asymptotics – fine adjustment of the growth rate of polynomial degrees

Let $ r $ to be an integer with $ r> $ 1. Assume that $ p_ {k} (x) $ is a polynomial with positive integer coefficients with $ p_ {k} (0) = $ 1 but where $ p_ {k} neq 1 $ for everyone $ k geq 0 $.

Assume that
$$ prod_ {k = 0} ^ { infty} p_ {k} (x) = frac {1} {1-rx} $$

For each $ n> $ 0, let $ t_ {n} $ to be the numerical indices k $ or $ deg (p_ {k} (x)) = n $. So is it possible to select polynomials $ (p_ {k}) _ {k geq 0} $ or
$$ | t_ {n} – frac {r ^ {n}} {n} | = O ( alpha ^ {n}) $$
for each $ alpha> $ 1?

How long can the function $ n mapsto | t_ {n} – frac {r ^ {n}} {n} | $ grow? How long can the function $ n mapsto max (0, frac {r ^ {n}} {n} -t_ {n} $ grow? For example, can we have $ max (0, frac {r ^ {n}} {n} -t_ {n}) = O ( alpha ^ {n}) $ for everyone $ alpha> $ 1?

This question is motivated by very great cardinals.

The asymptotics of a vector sequence defined by a recurrence relation

The sequence of vectors $ ( mathbf {vb} _0, mathbf {vb} _1, mathbf {vb_2, dots) $ obeys the recursion relationship that

$ A mathbf {vb} _j- mathbf {vb} _ {j-1} = sum_ {k = 0} ^ j diag ( mathbf {vb} _k) B mathbf {vb} _ {j-k} $,

where A and B are given matrix. The first term $ mathbf {vb} _0 $ is also given.

How to calculate the asymptotics of elements in vectors $ mathbf {vb} _j $ or the vector standard $ || mathbf {vb} _j || $ or absolute average $ | u ^ T mathbf {vb} _j | $. (From the numerical results, I found that these three had similar asymptotics.)

For sequences of numbers, I know that the method of generating functions can solve problems similar to Motzkin's numbers. Are there methods for the vector sequence or the vector standard?

asymptotics – implementation of d-ary heap vs. implementation of Fibonacci heap Comparisons of Dijkstra performance

Suppose that Dijkstra's algorithm with the priority queue uses a d-ary memory segment. if we adjust d, we can try to get the best runtimes for the algorithm, with d being ~ | E | / | V |.

So, for a | V | fixed, what is the highest possible ratio between this runtime and the Dijkstra runtime using a Fibonacci segment? Where to know the Fibonacci segment: delete_min = O (log | V |), insert / decrease_key = O (1) (damped) and | V | × delete_min + (| V | + | E |) × insert = O (| V | log | V | + | E |).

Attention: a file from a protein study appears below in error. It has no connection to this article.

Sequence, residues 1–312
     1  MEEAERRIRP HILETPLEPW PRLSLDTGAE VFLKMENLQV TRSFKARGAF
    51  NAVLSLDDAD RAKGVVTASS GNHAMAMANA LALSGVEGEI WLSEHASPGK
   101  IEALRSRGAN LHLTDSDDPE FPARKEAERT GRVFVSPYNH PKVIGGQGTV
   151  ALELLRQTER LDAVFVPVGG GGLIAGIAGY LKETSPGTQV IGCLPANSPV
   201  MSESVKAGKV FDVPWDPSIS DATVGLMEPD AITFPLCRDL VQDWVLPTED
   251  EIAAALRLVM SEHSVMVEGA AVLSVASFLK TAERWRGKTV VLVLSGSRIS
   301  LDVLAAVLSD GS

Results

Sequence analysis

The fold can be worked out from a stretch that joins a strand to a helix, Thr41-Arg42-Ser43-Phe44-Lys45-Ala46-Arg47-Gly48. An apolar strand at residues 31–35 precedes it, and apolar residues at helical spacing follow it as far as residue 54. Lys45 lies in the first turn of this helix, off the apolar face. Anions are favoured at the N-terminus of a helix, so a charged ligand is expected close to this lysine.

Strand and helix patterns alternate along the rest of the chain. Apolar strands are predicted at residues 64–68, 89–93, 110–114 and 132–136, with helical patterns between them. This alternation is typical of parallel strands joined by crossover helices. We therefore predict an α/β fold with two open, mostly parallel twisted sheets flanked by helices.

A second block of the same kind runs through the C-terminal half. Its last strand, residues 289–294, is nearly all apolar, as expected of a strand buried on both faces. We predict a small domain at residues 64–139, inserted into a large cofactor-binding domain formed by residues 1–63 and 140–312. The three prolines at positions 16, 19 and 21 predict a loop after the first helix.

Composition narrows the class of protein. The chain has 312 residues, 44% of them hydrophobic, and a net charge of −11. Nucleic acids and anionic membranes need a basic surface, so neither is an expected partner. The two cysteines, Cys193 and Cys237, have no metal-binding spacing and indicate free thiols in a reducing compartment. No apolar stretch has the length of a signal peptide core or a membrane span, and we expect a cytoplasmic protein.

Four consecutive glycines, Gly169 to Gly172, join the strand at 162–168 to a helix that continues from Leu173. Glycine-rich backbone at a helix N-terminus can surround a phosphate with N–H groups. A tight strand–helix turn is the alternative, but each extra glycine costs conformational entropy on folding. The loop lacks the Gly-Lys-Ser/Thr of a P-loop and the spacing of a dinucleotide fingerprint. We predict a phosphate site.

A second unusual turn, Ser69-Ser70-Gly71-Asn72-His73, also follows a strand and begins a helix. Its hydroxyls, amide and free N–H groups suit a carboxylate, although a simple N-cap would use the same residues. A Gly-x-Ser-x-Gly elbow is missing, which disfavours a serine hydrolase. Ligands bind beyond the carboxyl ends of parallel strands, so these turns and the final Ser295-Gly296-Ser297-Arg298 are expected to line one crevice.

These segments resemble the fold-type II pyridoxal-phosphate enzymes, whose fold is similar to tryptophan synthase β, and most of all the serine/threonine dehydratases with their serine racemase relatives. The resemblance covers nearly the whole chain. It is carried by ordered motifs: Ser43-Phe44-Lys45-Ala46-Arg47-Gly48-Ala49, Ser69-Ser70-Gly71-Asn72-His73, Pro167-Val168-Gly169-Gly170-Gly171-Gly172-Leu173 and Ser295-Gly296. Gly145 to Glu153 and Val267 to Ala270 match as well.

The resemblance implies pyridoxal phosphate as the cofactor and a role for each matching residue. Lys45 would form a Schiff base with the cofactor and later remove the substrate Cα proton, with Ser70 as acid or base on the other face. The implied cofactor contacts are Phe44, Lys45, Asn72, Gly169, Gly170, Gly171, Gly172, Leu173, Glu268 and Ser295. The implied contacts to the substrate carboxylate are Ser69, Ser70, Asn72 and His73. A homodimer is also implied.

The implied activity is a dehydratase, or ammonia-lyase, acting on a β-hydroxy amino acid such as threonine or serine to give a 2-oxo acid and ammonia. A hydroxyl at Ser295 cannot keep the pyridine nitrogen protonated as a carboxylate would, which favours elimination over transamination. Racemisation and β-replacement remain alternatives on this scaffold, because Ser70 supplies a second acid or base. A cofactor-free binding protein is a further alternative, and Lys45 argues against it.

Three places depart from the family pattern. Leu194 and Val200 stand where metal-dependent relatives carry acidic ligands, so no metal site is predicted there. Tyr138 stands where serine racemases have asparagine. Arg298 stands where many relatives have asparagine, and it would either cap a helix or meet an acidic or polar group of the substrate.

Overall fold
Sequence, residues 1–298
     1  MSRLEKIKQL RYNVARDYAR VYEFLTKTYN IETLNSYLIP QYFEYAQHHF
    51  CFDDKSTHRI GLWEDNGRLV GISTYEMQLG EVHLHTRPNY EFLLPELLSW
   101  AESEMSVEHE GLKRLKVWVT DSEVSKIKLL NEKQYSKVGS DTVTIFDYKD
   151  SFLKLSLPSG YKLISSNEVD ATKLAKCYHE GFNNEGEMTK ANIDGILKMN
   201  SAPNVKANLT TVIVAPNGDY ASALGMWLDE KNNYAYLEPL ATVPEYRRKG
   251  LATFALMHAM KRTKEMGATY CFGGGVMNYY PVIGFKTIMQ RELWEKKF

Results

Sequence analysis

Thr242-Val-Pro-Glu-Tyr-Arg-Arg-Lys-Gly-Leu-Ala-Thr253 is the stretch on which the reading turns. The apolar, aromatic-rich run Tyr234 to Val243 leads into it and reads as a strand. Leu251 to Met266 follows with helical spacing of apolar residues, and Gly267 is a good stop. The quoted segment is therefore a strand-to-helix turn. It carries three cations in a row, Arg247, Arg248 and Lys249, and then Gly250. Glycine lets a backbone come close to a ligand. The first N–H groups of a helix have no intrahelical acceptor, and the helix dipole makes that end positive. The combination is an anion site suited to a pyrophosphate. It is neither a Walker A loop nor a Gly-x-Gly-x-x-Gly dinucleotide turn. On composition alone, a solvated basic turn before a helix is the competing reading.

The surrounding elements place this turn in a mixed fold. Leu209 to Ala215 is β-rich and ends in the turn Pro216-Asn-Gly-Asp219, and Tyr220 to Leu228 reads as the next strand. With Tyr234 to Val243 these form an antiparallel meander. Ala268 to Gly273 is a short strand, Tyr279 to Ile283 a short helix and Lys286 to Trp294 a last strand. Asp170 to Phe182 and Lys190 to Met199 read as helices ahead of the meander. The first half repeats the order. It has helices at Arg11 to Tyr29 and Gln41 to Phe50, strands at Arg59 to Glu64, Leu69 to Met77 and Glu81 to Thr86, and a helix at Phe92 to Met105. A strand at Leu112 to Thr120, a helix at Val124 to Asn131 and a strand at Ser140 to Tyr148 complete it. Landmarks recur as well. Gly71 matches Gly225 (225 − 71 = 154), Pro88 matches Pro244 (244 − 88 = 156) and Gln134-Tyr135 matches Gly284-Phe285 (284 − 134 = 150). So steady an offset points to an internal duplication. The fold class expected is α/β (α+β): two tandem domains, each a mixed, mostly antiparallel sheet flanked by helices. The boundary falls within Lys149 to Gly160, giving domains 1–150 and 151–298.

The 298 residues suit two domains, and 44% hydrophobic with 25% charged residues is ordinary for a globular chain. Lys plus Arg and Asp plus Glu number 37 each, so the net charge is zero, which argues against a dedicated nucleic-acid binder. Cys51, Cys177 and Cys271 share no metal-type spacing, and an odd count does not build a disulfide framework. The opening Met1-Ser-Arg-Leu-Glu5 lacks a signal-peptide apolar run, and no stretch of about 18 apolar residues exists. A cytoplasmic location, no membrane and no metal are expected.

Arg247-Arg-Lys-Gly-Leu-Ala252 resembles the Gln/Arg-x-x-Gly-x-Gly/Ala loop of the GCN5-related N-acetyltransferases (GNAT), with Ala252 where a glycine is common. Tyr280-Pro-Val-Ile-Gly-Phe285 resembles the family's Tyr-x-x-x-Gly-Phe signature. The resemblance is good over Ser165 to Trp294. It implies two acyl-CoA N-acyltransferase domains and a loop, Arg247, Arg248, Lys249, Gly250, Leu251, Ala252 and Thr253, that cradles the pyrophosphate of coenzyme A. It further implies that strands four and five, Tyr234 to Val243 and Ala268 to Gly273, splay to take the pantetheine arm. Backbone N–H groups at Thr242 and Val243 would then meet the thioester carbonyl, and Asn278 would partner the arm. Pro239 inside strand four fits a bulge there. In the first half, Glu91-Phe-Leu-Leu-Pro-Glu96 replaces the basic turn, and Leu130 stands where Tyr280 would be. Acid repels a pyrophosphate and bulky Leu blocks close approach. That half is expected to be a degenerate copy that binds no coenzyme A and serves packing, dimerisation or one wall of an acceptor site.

On the other hand, implementation of the d-ary heap: delete_min = O ($ dfrac {d log | V |} {log d} $), insert / diminished_ sign = O ($ dfrac {log | V |} {log d} $) and | V | × delete_min + (| V | + | E |) × insert = O ((| V | · d + | E |)$ dfrac { log | V |} {log d} $ ).

Like trying to follow a solution to provide, but I'm not sure why it reduces to O ($ dfrac {log | V |} {log | E | / | V |}) $, in case 1 where | E | dominates, so Dijkstra with Fibonacci heap is O (| E |), How do we get the ration as O ($ dfrac {log | V |} {log | E | / | V |}) $ while Dijkstra with d-aire is O $ ((| V | · d + | E |) dfrac { log | V |} {log d} $)?

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asymptotics – when is it even possible (even for dense graphs) | E | = (| V | ^ 2)

You are absolutely right $ Theta $ is the closest asymptotic bond. But this remains asymptotic, and that means we do not care about constant factors or terms of lower degree: when $ n $ (or $ v $ or whatever) becomes big enough, the smallest terms become negligible.

In that case, $ frac {v (v-1)} {2} = frac {1} {2} v ^ 2 + frac {-1} {2} $ v. So, removing the constant factors and the lower terms leaves us with $ v ^ 2 $.

As a remark, I would not use $ Theta $ to set the number of edges in a chart because there is no lower limit. You can have a graph with an arbitrary number of vertices and zero edges if you wish.

sequences and series – Asymptotics of the partial sum of binomial coefficients

For some fixed $ 0 <p <1 $with $ q = 1-p $, let $ np leq c leq np + sqrt {2npq-2n log log n} $ and $ 2np leq x leq 2np + 2 sqrt {2npq-2n log log 2n} $. I'm trying to get some asymptotics of the partial sum
$$
sum_ {k = x-c} ^ c binom {n} {k} binom {n} {x-k}
$$

or equivalent if $ c = n lambda_1 $ and $ x = 2n lambda_2 $, for the constants $ p leq lambda_2 leq lambda_1 <$ 1
$$
sum_ {k = 2n lambda_2-n lambda_1} ^ {n lambda_1} binom {n} {k} binom {n} {2n lambda_2-k}
$$

My initial attempt was to adapt @ robjohn's solution in this article.

First we focus on
$$
a_k = binom {n} {k} binom {n} {2n lambda_2-k}
$$

Then leave $ k = n lambda_2 + j $,
$$
log left ( frac {a_ {k + 1}} {a_k} right) = – frac {2j} {n lambda_2 (1- lambda_2)} + O (n ^ {- 1})
$$

So,
$$
a_k = a_ {n lambda_2} exp left (- frac {2j ^ 2} {n lambda_2 (1- lambda_2)} + O (j / n) right)
$$

By approximation of Stirling, we have
$$
a_ {n lambda_2} sim frac {1} {2 pi n lambda_2 (1- lambda_2)} (1- lambda_2) ^ {- 2n} left ( frac {1- lambda_2} { lambda_2} right) ^ {2n lambda_2} = C ( lambda_2)
$$

Then, using the Riemann integral for the exponential,
$$